Before we go too much further on the issue of asking to see a hand: i.e., under what conditions such request might be guaranteed vs. a privlege that can be denied, vs. when the cards are live or dead....

Please understand that the position of the TDA is set forth in Rule 17: a) if you ask to see you must have possession of your cards, or have tabled them; this doesn't guarantee you'll be granted your request, but if you have mucked face down you lose any such right or privilege. b) any caller of the last aggressive bet on the final street has an inalienable right to see the hand he called (on request), all other requests are at TDs discretion.

NOW, whether cards should be tapped to the muck, whether a hand is live or not, etc. is up to house policy. There just hasn't been enough blanket agreement at the past 2-3 Summits to adopt further language on the subject.

Conventionally, more often than not if the "presumed winner" asks to see any discarded hand, and the TD grants the request, that hand is live. But that isn't a TDA Rule per se. Also, more often than not, if a "loser" asks to see a hand not tabled, and the TD grants the request that hand is dead unless it's still in the possession of the player. But there are major TDA member venues that have different rules (all exposed cards at showdown are live, for example) so there is no TDA standard on these situations.
« Last Edit: October 18, 2016, 01:44:00 PM by MikeB »

BROOKS

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Re: Retrieving mucked cards: under what circumstances?
« Reply #5 on: October 18, 2016, 06:05:50 PM »
Thank you for the clarification Mike. Exactly the information I was looking for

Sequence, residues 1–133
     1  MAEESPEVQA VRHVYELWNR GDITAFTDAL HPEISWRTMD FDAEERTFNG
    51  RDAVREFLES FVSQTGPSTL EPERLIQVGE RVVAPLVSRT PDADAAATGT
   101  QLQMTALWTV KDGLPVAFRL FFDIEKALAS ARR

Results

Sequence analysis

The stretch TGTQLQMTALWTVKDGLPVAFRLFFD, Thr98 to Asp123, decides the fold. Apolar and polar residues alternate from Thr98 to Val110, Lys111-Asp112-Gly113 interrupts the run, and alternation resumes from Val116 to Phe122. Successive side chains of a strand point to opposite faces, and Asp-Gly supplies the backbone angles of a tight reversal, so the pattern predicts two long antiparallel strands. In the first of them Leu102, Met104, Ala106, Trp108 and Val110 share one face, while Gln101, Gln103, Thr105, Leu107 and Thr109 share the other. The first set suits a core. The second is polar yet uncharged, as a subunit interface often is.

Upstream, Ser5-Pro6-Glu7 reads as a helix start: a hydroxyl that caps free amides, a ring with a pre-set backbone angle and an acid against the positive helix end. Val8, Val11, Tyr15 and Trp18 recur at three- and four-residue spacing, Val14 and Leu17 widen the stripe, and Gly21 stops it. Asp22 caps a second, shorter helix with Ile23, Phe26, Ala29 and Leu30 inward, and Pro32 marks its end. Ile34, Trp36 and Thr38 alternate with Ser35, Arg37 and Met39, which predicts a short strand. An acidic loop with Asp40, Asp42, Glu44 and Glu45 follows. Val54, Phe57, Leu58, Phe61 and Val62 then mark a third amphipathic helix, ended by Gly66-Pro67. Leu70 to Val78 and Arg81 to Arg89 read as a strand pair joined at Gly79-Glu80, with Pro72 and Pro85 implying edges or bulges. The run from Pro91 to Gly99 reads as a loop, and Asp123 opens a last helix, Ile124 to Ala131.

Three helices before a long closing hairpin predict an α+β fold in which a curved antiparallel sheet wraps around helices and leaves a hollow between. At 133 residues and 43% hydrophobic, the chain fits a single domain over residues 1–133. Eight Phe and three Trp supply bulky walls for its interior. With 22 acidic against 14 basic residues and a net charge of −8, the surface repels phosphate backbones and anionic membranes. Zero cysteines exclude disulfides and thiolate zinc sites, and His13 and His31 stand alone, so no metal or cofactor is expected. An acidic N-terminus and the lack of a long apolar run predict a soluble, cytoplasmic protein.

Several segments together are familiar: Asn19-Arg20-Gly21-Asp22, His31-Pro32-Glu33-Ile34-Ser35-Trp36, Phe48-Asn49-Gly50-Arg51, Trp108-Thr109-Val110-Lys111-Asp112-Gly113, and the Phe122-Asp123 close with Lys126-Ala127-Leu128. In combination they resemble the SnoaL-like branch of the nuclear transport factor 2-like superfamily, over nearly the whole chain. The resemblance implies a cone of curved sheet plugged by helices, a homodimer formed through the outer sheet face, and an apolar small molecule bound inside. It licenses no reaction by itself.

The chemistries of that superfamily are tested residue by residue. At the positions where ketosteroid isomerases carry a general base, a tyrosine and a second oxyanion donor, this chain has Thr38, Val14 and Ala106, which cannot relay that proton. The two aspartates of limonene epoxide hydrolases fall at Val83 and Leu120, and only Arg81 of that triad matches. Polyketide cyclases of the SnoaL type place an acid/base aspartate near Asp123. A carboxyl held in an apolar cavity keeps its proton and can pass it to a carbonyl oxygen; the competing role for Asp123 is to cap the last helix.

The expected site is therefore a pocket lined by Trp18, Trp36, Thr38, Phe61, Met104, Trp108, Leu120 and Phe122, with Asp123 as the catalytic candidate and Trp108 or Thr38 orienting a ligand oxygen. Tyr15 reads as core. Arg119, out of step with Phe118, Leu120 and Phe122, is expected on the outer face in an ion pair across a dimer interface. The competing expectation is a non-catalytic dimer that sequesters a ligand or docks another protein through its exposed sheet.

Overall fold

Nick C

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Re: Retrieving mucked cards: under what circumstances?
« Reply #6 on: October 19, 2016, 04:41:57 PM »
Brooks,

 The question you asked; "Players asking to see a hand at showdown, doesn't the dealer  tapping the cards on the muck before opening,  "kill" that hand, therefore it cannot win??
There was mention of the "winning" hand asking to see another hand, and it would have to be live.
Some clarification on this would be good too."


 This is from Robert's Rules: . "Any player who has been dealt in may request to see any hand that was eligible to participate in the showdown, even if the opponent's hand or the winning hand has been mucked. However, this is a privilege that may be revoked if abused. If a player other than the pot winner asks to see a hand that has been folded, that hand is dead. If the winning player asks to see a losing player’s hand, both hands are live, and the best hand wins."

 I realize you were looking for the TDA rule but wouldn't the TDA rule still apply in your following situation? "In my world, both of these hands are tapped on the muck to kill them, so they are not in contention for the pot.
You're telling me that if B or C misread their hand/the board and has Ace rag they can now win too."

 
 Yes...they would win too, as long as a flush was not displayed.

Brian Vickers

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Re: Retrieving mucked cards: under what circumstances?
« Reply #7 on: May 16, 2017, 12:56:27 PM »
I'm firmly against the "magic muck" principle; either cards are identifiable or they aren't.  "Tapping the muck to symbolically kill a hand" is an unnecessary step is done for no other reason than out of tradition of old card rooms.  Showing a hand that is requested is well covered by Robert's Rules and doesn't mention tapping the muck.  As far as taking cards out of the muck completely: If a dealer takes a protected hand from a player and starts to bring them into the muck, they should absolutely be recovered if we can be 100% sure of their identity.

Nick C

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Re: Retrieving mucked cards: under what circumstances?
« Reply #8 on: May 16, 2017, 01:38:41 PM »
Brian,

 What dealer would take a protected hand from a player and muck it? ???

You said: "Tapping the muck to symbolically kill a hand" is an unnecessary step is done for no other reason than out of tradition of old card rooms." It may be a tradition, but it's the best way to isolate the proper cards without releasing them.

Dave Miller

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Re: Retrieving mucked cards: under what circumstances?
« Reply #9 on: May 17, 2017, 06:23:25 AM »